—Colleague Tarik El-Bashir and I did a post a few days ago on how to fix the running game. He said that the top issue was talent, that the Redskins should invest either high draft pick in a running back or sign one of the top free agents available. I said that the team needed to fully commit to power blocking and put the zone scheme in the circular file except as an occasional wrinkle. I don’t necessarily disagree with Tarik. About the only thing I wouldn’t want to see happen is using the first-round pick on a running back. I could see one from the second round on or a free agent who fits the McCloughan profile, such as the Dolphins’ Lamar Miller.

Timeline

—The Redskins last played a game 33 days ago. It will be about 212 days until they play another one.

—About 167 days until fullbacks and safeties report to Richmond.

Days until: NFL Combine 12; NFL free agency starts 26; 2016 NFL draft 76

In case you missed it

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Over/under: Redskins pass catchers in 2017

Over/under: Redskins pass catchers in 2017

Our offseason over/under predictions for the Redskins rumbles on.

Today we are predicting the numbers involving the Redskins pass-catchers.

Redskins receivers/tight ends over-under

The Redskins’ receiving corps was forced to undergo some changes after top wideouts DeSean Jackson and Pierre Garçon departed via free agency.

How will their replacements do?

How will the talented holdovers perform? Redskins Insiders Rich Tandler and JP Finlay go over-under on some Redskins pass catchers stats.  

RELATED: OVER/UNDER - KIRK COUSINS

WR Terrelle Pryor, 1,000 receiving yards

Tandler: I know that a lot of people, including Finlay, are looking for a huge year out of Pryor. I think he’ll do well, but a thousand yards is going to elusive. He did go over 1K last year with the Browns with terrible QBs throwing to him. But Pryor also had the benefit of being one of few viable receivers in Cleveland. That’s not the case here. He won’t get anywhere near the 140 targets he got last year. Under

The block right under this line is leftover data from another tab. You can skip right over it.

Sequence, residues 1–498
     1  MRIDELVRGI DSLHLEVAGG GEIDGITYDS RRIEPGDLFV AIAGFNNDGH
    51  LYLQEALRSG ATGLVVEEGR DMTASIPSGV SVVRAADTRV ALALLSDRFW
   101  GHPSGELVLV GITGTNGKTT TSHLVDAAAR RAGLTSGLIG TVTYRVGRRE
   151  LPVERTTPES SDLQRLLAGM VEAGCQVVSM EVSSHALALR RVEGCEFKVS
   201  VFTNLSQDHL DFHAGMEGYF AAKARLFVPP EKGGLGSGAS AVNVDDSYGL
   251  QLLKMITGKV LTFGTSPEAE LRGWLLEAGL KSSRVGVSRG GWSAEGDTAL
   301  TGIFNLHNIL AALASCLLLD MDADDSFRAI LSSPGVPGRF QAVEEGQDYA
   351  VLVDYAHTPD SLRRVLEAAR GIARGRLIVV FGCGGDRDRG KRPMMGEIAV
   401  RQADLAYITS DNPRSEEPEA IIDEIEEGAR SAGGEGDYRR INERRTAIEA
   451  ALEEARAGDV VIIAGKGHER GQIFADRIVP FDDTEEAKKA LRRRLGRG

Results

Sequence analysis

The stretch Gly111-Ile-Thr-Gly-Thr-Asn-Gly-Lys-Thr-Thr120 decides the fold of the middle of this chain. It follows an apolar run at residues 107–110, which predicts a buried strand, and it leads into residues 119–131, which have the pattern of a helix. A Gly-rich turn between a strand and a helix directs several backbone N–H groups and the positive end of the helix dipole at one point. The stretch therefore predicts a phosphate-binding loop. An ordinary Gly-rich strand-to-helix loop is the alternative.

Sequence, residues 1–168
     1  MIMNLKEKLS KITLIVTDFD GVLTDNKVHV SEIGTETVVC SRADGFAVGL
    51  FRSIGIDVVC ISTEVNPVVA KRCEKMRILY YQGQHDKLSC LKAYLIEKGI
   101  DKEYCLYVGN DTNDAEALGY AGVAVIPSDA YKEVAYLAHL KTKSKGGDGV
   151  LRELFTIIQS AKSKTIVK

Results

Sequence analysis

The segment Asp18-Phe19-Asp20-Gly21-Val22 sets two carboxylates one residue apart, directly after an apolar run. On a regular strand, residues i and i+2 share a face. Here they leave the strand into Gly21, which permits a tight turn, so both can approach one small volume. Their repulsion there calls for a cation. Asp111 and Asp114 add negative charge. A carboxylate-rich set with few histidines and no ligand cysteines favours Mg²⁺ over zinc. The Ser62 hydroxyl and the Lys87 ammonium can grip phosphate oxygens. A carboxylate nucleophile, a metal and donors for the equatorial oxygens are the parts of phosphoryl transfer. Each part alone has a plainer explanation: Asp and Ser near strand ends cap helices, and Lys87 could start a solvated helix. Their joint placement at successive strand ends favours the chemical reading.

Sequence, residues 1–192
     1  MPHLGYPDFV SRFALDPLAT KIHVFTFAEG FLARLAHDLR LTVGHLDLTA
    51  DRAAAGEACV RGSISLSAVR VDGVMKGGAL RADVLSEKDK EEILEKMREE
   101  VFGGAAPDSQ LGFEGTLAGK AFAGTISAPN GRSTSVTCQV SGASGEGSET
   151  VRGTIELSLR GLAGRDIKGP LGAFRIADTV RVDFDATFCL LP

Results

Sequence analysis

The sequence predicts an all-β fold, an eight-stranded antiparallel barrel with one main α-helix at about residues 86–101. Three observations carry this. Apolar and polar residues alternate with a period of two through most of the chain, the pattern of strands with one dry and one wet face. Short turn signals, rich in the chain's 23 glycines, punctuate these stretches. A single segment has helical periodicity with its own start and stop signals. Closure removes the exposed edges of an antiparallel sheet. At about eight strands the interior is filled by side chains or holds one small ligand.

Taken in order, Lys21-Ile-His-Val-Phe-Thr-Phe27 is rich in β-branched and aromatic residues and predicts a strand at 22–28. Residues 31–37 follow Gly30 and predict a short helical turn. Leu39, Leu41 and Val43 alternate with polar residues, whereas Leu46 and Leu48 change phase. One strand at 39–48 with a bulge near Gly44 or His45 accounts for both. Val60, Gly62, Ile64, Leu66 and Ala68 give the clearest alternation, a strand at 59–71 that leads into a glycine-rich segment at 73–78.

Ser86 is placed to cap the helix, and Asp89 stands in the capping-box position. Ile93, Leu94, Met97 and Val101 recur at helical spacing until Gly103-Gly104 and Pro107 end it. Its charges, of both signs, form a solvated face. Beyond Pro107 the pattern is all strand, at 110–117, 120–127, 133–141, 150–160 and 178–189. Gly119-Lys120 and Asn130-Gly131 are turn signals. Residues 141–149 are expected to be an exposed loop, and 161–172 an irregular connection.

Finlay: Not sure when I said a huge year for Pyror, that seems like Tandler throwing shade, but I do think he is capable of 1,000 yards. The quantity of targets will certainly drop, but the quality should be much greater. In today's NFL, 1,000 yards is no longer the benchmark it once was. The bulk of the league deploys a pass-first offense, and the Redskins definitely do. 25 wideouts went over 1,000 yards last season, including two on the Redskins. Over 

RELATED: WHO IS NEXT AT QB FOR THE REDSKINS?

WR Josh Doctson, 6.5 touchdown receptions

Tandler: When Kirk Cousins sees how well the 2016 first-round pick can get up and high-point the ball Doctson will immediately become the favorite red zone target. I’ve predicted as many as 10 TDs for him this year. That’s bold, perhaps crazy, but I feel safe going with at least seven. Over